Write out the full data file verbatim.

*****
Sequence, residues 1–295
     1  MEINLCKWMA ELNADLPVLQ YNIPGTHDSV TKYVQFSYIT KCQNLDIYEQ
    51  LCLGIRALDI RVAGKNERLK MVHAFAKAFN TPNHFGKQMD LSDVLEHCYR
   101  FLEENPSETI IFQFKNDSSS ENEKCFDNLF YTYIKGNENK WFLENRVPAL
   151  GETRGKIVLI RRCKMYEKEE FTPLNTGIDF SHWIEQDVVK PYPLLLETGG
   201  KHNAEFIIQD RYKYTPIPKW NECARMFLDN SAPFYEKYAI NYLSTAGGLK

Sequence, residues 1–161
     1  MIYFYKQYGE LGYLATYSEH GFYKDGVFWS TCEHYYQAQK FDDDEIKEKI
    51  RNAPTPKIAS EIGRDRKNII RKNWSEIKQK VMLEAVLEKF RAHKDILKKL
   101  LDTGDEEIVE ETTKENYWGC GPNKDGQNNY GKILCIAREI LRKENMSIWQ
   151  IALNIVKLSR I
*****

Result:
Sequence, residues 1–295
     1  MEINLCKWMA ELNADLPVLQ YNIPGTHDSV TKYVQFSYIT KCQNLDIYEQ
    51  LCLGIRALDI RVAGKNERLK MVHAFAKAFN TPNHFGKQMD LSDVLEHCYR
   101  FLEENPSETI IFQFKNDSSS ENEKCFDNLF YTYIKGNENK WFLENRVPAL
   151  GETRGKIVLI RRCKMYEKEE FTPLNTGIDF SHWIEQDVVK PYPLLLETGG
   201  KHNAEFIIQD RYKYTPIPKW NECARMFLDN SAPFYEKYAI NYLSTAGGLK

Sequence, residues 1–161
     1  MIYFYKQYGE LGYLATYSEH GFYKDGVFWS TCEHYYQAQK FDDDEIKEKI
    51  RNAPTPKIAS EIGRDRKNII RKNWSEIKQK VMLEAVLEKF RAHKDILKKL
   101  LDTGDEEIVE ETTKENYWGC GPNKDGQNNY GKILCIAREI LRKENMSIWQ
   151  IALNIVKLSR I